(Washington, November 18, 2016) – President-elect Donald Trump’s choice for National Security Advisor, retired Lt. Gen. Michael Flynn, has refused to rule out proposals by Trump that would constitute torture despite his having spoken out against the use of torture in the past.

Donald Trump speaks alongside retired Lt. Gen. Mike Flynn during a campaign town hall meeting in Virginia, US, on September 6, 2016.

“Michael Flynn has previously strongly criticized US use of torture but would not categorically rule it out in more recent interviews,” said Sarah Margon, Washington director at Human Rights Watch. “He should unequivocally renounce the use of torture by the US and reaffirm US commitments to international human rights and humanitarian law.”

On several occasions Trump has said he would allow United States personnel to commit waterboarding and other methods of torture. In November 2015, he said at a rally that he would approve waterboarding “in a heartbeat” because “only a stupid person would say it doesn’t work. If it doesn’t work, they deserve it anyway, for what they’re doing.” In February 2016, he said: “Don’t tell me it doesn’t work. Torture works, OK folks?” And at another event the same month he said that as president he would “immediately” resume waterboarding: “Some people say it’s not actually torture – let’s assume it is. But they asked me the question: ‘What are you going to do on waterboarding?’ Absolutely fine, but we should go much stronger than waterboarding. That’s the way I feel.”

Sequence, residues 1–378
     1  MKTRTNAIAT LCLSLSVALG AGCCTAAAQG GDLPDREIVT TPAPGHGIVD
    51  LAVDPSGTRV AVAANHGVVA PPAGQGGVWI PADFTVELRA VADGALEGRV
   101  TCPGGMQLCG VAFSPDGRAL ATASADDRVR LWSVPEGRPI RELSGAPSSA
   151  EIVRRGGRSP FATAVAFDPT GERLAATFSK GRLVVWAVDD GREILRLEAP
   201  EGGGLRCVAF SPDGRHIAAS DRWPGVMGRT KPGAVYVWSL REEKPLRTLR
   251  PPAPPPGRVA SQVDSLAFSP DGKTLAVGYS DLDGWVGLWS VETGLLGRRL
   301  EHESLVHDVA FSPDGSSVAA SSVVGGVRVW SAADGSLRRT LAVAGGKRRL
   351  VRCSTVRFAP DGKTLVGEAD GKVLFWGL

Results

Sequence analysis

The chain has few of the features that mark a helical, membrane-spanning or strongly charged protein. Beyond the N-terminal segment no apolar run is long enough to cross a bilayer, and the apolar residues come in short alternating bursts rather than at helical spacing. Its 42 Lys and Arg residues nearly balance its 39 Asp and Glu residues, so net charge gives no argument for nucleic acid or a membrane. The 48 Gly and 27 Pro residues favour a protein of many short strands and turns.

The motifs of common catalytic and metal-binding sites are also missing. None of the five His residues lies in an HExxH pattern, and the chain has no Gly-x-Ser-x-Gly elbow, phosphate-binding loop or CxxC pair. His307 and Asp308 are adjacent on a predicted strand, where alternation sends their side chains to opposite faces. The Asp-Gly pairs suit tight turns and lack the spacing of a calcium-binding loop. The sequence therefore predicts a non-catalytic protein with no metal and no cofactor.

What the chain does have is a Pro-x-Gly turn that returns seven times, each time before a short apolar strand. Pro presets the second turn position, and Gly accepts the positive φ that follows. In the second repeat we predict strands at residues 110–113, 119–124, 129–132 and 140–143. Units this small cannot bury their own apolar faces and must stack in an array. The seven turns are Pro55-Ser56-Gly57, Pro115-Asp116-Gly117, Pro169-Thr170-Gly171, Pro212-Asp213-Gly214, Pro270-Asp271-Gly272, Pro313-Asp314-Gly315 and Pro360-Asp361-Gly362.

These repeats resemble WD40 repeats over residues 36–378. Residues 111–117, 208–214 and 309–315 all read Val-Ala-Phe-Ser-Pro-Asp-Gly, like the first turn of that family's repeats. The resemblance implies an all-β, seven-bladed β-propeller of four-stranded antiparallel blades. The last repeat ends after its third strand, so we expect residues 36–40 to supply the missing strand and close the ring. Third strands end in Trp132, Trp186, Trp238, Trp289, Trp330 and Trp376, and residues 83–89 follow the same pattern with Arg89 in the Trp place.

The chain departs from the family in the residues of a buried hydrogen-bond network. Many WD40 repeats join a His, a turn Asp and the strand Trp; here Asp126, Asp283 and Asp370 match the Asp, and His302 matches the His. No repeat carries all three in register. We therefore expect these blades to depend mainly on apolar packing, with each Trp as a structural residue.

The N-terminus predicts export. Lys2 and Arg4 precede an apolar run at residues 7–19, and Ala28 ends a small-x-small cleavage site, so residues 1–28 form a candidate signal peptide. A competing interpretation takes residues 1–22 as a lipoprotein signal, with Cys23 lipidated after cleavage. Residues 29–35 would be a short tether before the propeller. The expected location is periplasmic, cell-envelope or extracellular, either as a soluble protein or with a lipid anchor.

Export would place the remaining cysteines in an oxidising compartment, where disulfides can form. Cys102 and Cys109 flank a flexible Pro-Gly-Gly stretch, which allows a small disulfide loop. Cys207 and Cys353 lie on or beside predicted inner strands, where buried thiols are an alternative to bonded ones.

After a debate in which Trump indicated he might order the US military to break the law on interrogation tactics, including waterboarding, his campaign issued a statement noting, “I do … understand that the United States is bound by laws and treaties and I will not order our military or other officials to violate those laws and will seek their advice on such matters.” Shortly thereafter, however, Trump then suggested he would push to change laws that prohibit waterboarding and other interrogation techniques clearly associated with torture – even though longstanding international human rights and humanitarian law prohibit the use of torture and other ill-treatment under any circumstances.

Flynn told Al Jazeera in January that he thought history would look poorly on US use of torture. “I think that our entire system at that time was guilty,” he said. “Was guilty of just totally inappropriate behavior.” Asked whether torture should be prosecuted, Flynn replied: “Absolutely.” However, in an interview in May he refused to rule out Trump’s proposed use of torture. “I am a believer in leaving as many options on the table right up until the last possible minute.”

“Instead of leaving torture on the table, Flynn should unequivocally renounce it under any circumstances,” Margon said.

Note: This has been edited to reflect a broader range of comments Flynn has made about torture and the laws of war.